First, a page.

Silent Sam protest leads to seven arrests
Silent Sam Protesters Image by Rodney Dunning via Flickr and a CC license

Seven were arrested at a rally protesting the topping of the "Silent Sam" Confederate monument at the University of North Carolina at Chapel Hill.


Those arrested were charged with assault, destruction of property, inciting a riot, and resisting officers. None of those arrested were students of the university.

More than 100 people showed up at the site of the monument on Saturday. The crowd largely consisted of counter protesters, though a handful of people carrying confederate battle flags did appear.

The university itself had warned students to avoid the protest.

The protest itself was largely peaceful, though some minor clashes did occur.

The "Silent Sam" monument went up on the campus in 1913, and depicts a Confederate soldier brandishing a rifle. The statue's designer, John A. Wilson, depicted "Sam" without ammunition to fire his gun, hence why he is "silent." He was essentially meant to commemorate the over 1,000 students and faculty of the school who fought in the civil war.

Nevertheless, at the unveiling of the statue, Julian Carr, a local industrialist, spoke on behalf of white supremacy, underscoring the themes of the civil war.

The presence of "Silent Sam" on the campus has been controversial since at least the 1960s, and the monument has long been the site of demonstrations. The school has remained firm that they would not remove "Silent Sam." claiming state law prohibited the removal of the statue.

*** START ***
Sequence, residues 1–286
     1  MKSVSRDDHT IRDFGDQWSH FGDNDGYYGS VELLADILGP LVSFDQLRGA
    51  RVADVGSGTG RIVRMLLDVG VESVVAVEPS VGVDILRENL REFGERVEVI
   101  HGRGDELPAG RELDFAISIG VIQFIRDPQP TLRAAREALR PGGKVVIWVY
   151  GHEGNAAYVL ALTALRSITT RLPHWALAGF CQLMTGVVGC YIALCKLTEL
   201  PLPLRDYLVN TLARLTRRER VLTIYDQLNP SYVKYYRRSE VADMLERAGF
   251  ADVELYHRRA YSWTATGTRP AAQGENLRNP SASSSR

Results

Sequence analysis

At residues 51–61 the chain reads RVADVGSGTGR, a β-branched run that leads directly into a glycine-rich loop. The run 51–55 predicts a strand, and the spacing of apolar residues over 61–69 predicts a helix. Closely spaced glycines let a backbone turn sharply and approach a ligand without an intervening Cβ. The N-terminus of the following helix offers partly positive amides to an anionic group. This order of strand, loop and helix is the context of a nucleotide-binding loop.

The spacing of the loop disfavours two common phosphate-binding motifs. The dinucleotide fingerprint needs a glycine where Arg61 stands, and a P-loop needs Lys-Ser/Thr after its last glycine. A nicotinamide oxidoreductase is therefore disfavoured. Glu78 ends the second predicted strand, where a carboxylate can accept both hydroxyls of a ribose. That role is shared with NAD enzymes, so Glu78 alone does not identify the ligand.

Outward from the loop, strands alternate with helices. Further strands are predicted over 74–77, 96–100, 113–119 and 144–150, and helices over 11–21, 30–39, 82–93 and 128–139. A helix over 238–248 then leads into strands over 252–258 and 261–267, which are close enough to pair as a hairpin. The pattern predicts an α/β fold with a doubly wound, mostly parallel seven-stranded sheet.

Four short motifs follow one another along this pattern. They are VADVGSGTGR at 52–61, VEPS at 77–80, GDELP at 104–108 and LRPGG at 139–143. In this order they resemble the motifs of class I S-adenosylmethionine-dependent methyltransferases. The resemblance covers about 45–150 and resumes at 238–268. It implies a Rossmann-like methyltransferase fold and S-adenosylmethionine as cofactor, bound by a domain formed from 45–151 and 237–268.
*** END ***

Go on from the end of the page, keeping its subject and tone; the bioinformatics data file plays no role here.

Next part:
Protesters toppled “Silent Sam” on Monday night. That led to one arrest, for resisting arrest and concealing one's face. The statue itself has been hauled away.

Recent protests over Confederate monuments began after the 2015 shooting of nine parishioners in a predominately black church in Charleston, South Carolina. The killer, Dylan Roof, was seen in photos after the killing posing with a Confederate battle flag, leading to calls to remove the banner from the South Carolina state capitol.

The majority of such monuments went up across the south and the rest of the United States in the 20th century, as both a way to sanitize the aims the Civil War as well as reinforce the segregation movement of the mid-century.

Those who champion the monuments have argued that removing them will erase American history, and lead to further removals, a slippery slope argument. President Trump, for one, chimed in on this via Twitter some time back, saying, "This week, it is Robert E. Lee and, this week, Stonewall Jackson. Is it George Washington next? You have to ask yourself, where does it stop?"

This is also viewed as a part of the reason behind the "Unite the Right" rally in 2017, where white supremacists, rebranded as the "Alt-Right," chanted, "you will not replace us." Those protests led to the death of one counter protester, Heather Heyer, and the injuries of several others.

For now, "Silent Sam" remains off his pedestal. The university has not disclosed any plans to reinstall the monument.